Originality in Ancient Literature
Most early works were written in the poetical metre which the writer had heard repeated over time and, therefore, the dating of such pieces as the Enuma Elish or the Odyssey is difficult in that they were finally recorded in writing many years after their oral composition. The great value which modern-day readers and critics place on 'originality’ in literature was unknown to ancient people. The very idea of according a work of the imagination of an individual with any degree of respect would never have occurred to anyone of the ancient world. Stories were re-tellings of the feats of great heroes, of the gods, the goddesses, or of creation (as in Hesiod and Homer). So great was the respect for what today would be called 'non-fiction’, that Geoffrey of Monmouth (1100-1155 CE) claimed his famous (which he largely made up) was actually a translation from an earlier text he had 'discovered’ and Sir Thomas Malory (1405-1471 CE) famed as the author of the Morte D’Arthur, denied any original contributions to the work he compiled from earlier authors, even though today it is clear that he added much to the source material he drew from. This literary tradition of ascribing an original work to earlier, seemingly-authoritative, sources is famously exemplified in the gospels of the Christian New Testament in that the gospels of Matthew, Mark, Luke, and John, understood by many believers to be eye-witness accounts of the ministry of Jesus, were written much later by unknown authors who chose names associated with the early church.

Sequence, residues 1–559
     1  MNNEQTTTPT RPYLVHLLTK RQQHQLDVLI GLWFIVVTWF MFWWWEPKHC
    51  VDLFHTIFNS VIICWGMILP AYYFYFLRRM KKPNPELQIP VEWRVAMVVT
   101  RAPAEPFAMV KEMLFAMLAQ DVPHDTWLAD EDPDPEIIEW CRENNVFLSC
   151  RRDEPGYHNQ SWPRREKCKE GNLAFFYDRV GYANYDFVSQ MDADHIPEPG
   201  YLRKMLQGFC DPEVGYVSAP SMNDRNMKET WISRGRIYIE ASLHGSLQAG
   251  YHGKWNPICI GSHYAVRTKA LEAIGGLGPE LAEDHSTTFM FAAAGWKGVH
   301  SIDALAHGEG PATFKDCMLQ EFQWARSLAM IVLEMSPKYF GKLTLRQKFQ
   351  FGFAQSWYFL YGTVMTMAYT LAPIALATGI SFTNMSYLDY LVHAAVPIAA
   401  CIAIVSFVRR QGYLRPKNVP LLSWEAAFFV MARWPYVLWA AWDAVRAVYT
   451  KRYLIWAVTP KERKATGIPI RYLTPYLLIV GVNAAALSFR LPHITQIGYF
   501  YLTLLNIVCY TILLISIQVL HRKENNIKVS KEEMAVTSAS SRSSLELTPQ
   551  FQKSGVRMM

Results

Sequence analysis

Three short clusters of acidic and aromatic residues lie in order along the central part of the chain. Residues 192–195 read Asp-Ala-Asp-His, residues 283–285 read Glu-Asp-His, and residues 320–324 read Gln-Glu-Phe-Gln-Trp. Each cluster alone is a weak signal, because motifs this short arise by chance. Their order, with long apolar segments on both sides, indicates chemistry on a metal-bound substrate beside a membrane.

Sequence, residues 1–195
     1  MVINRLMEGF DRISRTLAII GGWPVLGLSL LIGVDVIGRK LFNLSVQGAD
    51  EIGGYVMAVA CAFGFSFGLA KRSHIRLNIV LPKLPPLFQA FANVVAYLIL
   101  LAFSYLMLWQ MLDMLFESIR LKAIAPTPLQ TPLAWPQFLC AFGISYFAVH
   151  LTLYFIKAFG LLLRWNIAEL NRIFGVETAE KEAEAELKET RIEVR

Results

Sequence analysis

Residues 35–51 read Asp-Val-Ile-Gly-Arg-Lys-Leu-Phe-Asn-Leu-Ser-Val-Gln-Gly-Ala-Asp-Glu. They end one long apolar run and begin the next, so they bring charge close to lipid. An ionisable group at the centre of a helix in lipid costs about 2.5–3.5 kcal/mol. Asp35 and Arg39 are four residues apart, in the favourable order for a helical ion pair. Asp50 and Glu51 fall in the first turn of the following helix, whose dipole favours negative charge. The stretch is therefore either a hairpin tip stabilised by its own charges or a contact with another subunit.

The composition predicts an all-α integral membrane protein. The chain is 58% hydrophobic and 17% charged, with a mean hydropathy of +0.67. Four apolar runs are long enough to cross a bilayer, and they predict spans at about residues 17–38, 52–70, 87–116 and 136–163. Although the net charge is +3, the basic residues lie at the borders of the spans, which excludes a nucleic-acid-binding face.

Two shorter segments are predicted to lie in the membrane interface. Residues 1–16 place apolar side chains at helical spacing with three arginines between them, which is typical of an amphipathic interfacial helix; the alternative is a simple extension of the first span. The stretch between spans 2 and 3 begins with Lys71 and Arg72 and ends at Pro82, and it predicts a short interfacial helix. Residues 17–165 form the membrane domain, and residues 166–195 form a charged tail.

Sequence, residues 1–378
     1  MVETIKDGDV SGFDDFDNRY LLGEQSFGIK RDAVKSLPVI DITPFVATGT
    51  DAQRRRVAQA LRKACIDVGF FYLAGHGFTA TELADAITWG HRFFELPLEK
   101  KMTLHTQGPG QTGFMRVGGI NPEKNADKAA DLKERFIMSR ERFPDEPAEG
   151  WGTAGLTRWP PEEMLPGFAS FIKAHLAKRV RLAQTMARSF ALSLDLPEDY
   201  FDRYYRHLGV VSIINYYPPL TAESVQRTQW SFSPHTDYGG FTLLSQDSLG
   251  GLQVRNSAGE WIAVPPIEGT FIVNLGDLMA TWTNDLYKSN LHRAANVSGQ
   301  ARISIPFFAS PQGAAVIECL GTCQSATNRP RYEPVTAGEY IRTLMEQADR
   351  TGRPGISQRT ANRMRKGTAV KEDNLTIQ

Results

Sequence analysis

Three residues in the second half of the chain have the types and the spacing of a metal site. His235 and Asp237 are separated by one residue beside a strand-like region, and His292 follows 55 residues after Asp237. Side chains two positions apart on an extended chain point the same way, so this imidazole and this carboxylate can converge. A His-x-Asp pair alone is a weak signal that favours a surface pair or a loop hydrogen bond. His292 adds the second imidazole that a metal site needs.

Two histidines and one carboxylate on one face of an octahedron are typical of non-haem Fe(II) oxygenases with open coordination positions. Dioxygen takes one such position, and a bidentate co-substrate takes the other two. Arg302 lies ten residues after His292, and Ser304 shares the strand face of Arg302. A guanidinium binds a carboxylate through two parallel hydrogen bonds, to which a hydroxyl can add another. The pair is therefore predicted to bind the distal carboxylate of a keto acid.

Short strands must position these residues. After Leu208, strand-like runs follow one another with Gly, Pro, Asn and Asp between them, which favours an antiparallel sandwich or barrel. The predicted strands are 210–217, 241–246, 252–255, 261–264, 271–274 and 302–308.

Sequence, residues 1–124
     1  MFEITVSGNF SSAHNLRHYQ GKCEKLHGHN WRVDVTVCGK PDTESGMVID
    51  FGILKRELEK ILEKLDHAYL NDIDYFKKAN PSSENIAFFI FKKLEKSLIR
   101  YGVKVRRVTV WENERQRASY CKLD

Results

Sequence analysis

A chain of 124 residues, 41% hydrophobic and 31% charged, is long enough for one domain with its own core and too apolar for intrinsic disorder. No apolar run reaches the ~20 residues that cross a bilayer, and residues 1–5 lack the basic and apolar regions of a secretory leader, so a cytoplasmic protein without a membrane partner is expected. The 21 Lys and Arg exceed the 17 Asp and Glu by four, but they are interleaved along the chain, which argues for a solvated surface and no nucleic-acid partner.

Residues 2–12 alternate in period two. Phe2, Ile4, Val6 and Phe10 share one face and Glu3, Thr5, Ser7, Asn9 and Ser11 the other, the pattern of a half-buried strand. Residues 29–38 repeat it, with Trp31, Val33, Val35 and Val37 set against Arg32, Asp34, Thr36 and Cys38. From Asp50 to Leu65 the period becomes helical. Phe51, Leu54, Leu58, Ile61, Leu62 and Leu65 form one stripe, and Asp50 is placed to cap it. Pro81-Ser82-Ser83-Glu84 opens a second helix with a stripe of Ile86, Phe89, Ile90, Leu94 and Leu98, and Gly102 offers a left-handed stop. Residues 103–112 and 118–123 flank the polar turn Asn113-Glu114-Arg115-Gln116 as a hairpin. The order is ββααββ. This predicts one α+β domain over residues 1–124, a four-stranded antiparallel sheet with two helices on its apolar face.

Literature encompasses forms such as poetry, drama, prose, folklore, epic tale, personal narrative, poetry, history, biography, satire, philosophical dialogues, essays, legends and myths, among others. Plato’s Dialogues, while not the first to combine philosophical themes with dramatic form, were the first to make drama work in the cause of philosophical inquiry. Later writers drew on these earlier works for inspiration (as Virgil did in composing his Aeneid, based on Homer’s Iliad and Odyssey, between 30-18 BCE) and this tradition of borrowing lasted until the time of Shakespeare (1564-1616 CE) and continues in the present day.
History: Ancient History in 50 Events: From Ancient Civilizations to the Fall of the Roman Empire (History Books, History of the World, Ancient Rome) (History in 50 Events Series Book 9)
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